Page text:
Tag Archives: Cathedral

St. John’s Co-Cathedral | Valletta, Malta | 16 September 2014

St John’s Co-Cathedral is a gem of Baroque art and architecture. It was built as the conventual church for the Knights of St. John. The Grand Masters and several knights donated gifts of high artistic value and made enormous contributions to enrich it with only the best works of art. This church is till this very day an important shrine and a sacred place of worship. It is also a venue for cultural events.

Information from:
Web: http://stjohnscocathedral.com

Described as the first complete example of the high Baroque anywhere, St. John’s Cathedral epitomises the role of its original patrons, the Knights of St. John. The Cathedral is testimony to the talent of Maltese military architect Gerolamo Cassar, with Mattia Preti’s intricately carved stone wall designs, as well as the painted vaulted ceiling and side altars with scenes from the life of St. John. The Cathedral also houses one of Europe’s most impressive and famous art works – Caravaggio’s Beheading of St. John the Baptist. The Cathedral was a shrine to the Knights, as many sons of Europe’s noble families from the 16th to 18th centuries lie buried here. Their intricate, marble-inlaid tombstones form a magnificently crafted pavimento. Also a resting place to the founder of Valletta, Grand Master Jean Parisot de la Vallette, his tomb lies in the crypt, a quiet sanctuary and place of contemplation away from the busy streets outside.

Information from:
Web: http://www.visitmalta.com/en/info/stjohnscocathedralmuseum

© Tony Blood - Caravaggio's St. Jerome Writing, St. John's Co-Cathedral. Valletta Malta, 16 July 2014

© Tony Blood – Caravaggio’s St. Jerome Writing, St. John’s Co-Cathedral. Valletta Malta, 16 July 2014

© Tony Blood - St. John's Co-Cathedral. Valletta Malta, 16 July 2014

© Tony Blood – St. John’s Co-Cathedral. Valletta Malta, 16 July 2014

© Tony Blood - St. John's Co-Cathedral. Valletta Malta, 16 July 2014

© Tony Blood – St. John’s Co-Cathedral. Valletta Malta, 16 July 2014

© Tony Blood - St. John's Co-Cathedral. Valletta Malta, 16 July 2014

© Tony Blood – St. John’s Co-Cathedral. Valletta Malta, 16 July 2014

© Tony Blood - St. John's Co-Cathedral. Valletta Malta, 16 July 2014

© Tony Blood – St. John’s Co-Cathedral. Valletta Malta, 16 July 2014

© Tony Blood - St. John's Co-Cathedral. Valletta Malta, 16 July 2014

© Tony Blood – St. John’s Co-Cathedral. Valletta Malta, 16 July 2014

© Tony Blood - St. John's Co-Cathedral. Valletta Malta, 16 July 2014

© Tony Blood – St. John’s Co-Cathedral. Valletta Malta, 16 July 2014

© Tony Blood - St. John's Co-Cathedral. Valletta Malta, 16 July 2014

© Tony Blood – St. John’s Co-Cathedral. Valletta Malta, 16 July 2014

© Tony Blood - St. John's Co-Cathedral. Valletta Malta, 16 July 2014

© Tony Blood – St. John’s Co-Cathedral. Valletta Malta, 16 July 2014

Mellieħa Bay | Mellieħa, Malta | 4 September 2014

Mellieħa Bay is the largest beach of thirteen pocket beaches around Mellieħa. It is a sheltered beach between two headlands and is situated on the Northern part of the Island.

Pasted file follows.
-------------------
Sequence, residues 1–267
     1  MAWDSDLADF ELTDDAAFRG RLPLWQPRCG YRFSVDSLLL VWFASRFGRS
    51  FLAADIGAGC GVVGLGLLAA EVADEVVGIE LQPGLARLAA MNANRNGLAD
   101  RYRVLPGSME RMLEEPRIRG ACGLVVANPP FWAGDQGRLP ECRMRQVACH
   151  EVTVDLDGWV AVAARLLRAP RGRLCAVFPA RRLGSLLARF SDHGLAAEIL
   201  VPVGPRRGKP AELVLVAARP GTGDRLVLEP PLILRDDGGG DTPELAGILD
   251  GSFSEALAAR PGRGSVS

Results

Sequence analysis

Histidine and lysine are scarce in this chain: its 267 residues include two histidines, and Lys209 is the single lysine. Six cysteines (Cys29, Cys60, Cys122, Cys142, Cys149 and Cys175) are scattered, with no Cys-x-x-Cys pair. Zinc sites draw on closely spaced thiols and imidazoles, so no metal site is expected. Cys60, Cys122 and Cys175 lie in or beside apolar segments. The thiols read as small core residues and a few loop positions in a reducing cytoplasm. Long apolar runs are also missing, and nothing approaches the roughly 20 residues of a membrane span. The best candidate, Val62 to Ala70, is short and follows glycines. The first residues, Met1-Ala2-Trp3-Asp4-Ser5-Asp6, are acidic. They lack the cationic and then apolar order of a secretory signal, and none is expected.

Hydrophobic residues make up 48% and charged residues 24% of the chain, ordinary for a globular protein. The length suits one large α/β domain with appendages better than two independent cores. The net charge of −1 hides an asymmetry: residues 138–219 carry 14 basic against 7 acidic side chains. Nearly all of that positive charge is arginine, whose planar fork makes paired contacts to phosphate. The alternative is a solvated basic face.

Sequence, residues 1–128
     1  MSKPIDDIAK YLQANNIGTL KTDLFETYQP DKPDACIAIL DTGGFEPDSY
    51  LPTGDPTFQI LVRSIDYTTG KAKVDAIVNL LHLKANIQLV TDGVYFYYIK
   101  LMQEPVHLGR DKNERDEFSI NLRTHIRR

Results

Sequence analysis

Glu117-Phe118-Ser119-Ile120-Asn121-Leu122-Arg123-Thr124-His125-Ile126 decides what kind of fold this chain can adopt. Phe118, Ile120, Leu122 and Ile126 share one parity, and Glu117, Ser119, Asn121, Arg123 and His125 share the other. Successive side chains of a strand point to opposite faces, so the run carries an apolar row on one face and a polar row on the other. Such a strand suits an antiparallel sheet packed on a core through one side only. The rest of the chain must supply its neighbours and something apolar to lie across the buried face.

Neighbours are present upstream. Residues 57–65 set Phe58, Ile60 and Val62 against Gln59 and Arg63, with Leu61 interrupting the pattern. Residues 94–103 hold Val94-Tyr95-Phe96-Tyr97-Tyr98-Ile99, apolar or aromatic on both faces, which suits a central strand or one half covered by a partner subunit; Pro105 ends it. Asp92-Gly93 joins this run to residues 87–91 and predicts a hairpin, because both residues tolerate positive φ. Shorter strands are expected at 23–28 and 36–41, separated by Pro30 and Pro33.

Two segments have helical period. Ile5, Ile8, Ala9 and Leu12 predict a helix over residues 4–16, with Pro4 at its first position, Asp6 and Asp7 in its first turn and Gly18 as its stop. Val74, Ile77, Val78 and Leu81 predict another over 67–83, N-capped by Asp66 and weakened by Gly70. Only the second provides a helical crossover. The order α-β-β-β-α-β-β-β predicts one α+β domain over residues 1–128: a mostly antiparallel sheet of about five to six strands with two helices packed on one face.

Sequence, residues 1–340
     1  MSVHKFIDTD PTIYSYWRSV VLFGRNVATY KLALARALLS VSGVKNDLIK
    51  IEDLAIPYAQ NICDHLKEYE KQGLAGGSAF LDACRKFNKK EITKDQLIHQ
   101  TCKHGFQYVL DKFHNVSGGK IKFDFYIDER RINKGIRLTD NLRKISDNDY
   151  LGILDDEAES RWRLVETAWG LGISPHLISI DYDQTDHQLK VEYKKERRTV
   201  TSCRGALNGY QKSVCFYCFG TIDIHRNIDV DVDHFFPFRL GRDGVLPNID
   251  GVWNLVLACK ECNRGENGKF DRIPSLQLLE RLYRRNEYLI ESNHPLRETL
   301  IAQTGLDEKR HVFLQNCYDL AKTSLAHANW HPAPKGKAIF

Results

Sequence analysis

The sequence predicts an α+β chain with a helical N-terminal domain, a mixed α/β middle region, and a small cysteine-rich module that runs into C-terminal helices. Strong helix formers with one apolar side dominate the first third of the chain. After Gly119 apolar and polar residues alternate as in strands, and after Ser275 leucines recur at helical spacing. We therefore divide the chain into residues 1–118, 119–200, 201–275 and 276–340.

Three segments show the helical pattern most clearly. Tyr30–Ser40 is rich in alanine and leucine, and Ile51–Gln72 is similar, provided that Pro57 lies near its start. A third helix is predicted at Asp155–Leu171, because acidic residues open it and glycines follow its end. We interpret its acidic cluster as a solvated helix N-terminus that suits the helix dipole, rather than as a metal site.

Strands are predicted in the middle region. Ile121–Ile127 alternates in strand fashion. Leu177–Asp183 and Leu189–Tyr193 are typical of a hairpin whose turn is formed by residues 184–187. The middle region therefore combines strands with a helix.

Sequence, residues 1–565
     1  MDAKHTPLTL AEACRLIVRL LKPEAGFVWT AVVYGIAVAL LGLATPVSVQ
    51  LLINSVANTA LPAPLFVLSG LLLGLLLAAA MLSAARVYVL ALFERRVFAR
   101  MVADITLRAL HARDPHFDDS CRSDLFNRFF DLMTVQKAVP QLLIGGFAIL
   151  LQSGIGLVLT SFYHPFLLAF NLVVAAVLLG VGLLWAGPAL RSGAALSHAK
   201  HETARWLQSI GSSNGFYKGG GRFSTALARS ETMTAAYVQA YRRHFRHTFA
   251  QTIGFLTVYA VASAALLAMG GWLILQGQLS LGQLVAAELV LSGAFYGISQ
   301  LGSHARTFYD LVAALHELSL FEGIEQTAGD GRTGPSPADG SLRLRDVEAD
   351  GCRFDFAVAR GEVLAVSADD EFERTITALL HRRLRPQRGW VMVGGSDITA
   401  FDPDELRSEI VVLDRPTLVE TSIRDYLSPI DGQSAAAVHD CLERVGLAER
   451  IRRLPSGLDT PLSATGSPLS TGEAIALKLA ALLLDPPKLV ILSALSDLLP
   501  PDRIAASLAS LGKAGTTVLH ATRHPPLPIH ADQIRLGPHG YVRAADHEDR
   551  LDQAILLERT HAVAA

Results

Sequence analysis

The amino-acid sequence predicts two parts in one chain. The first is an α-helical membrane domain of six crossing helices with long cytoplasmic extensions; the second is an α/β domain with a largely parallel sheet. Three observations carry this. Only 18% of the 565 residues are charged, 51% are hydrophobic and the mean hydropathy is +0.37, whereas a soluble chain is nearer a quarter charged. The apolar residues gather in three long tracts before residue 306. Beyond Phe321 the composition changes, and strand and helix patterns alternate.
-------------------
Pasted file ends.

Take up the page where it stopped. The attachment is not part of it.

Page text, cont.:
Its sand has a low gradient slope and together with its clear, shallow water makes it the most popular family beach on the island. Mellieħa Bay has most facilities and services including restaurants and two hotels. Some parts of the bay are designated for water sports and wind surfing. Beach management is operated between June and September by the Malta Tourism Authority with the cooperation of Mellieħa Local Council. It includes the services of lifeguards, a small First Aid clinic, two beach supervisors and a number of persons in charge of beach maintenance. It is an accessible beach furnished with a mobile toilet, wheelchair access and special sand wheelchair buggies for physically impaired bathers. In 2011 the beach was awarded a Beach of Quality Award. Mellieħa Bay has an old castle perched on one side while the old village of Mellieħa is situated high on the opposite side. The hinterland of Mellieħa Bay was once an important salt flat and wetland, known as L-Għadira. It is now a Nature Reserve that boasts of indigenous flora and fauna, and is popular with bird watchers who study local and migratory birds. Mellieħa Bay is also referred to as L-Għadira.

Information from:
Web: http://www.visitmalta.com/en/info/melliehabay

© Tony Blood - Mellieħa Bay, Mellieħa, Malta, 4 September 2014

© Tony Blood – Mellieħa Bay, Mellieħa, Malta, 4 September 2014

Parish Church of Mellieħa | Mellieħa, Malta | 1 September 2014

The Parish Church of Mellieha is dedicated to the Birth of Our Lady, and was built between 1881 and 1898. All the stone was cut from a nearby quarry at l-Ahrax tal-Mellieha and transported up to Mellieha by the local peasants, who worked laboriously to see their wish of having a new church come true. Once the church’s building was completed, the Parish Priests Dun Frangisk Magri, Dun Carlo Cortis and Dun Indri Fenech endeavoured to embellish the interior. 

Thus between 1920 and 1940 the belfries and dome were erected, five bellsdedicated to St. Frances, St. Joseph, St. Anthony, St. Paul and the Virgin Marywere brought from Milan, and the church altars were decorated with paintings by the best Maltese artists, including the renowned Giuseppe Calì and Lazzru Pisani.

Information from:
Web: http://www.mellieha.com/parish_church.htm

© Tony Blood - Parish Church of Mellieħa. Mellieħa, Malta, 1 September 2014

© Tony Blood – Parish Church of Mellieħa. Mellieħa, Malta, 1 September 2014

The Feast of Our Lady Star of the Sea | Paris Church of Stella Maris | Sliema, Malta | 24 August 2014

The Feast of Our Lady Star of the Sea is celebrated in the town of Sliema in Malta.

© Tony Blood - The Feast of Our Lady Star of the Sea. Paris Church of Stella Maris, Sliema, Malta, 24 August 2014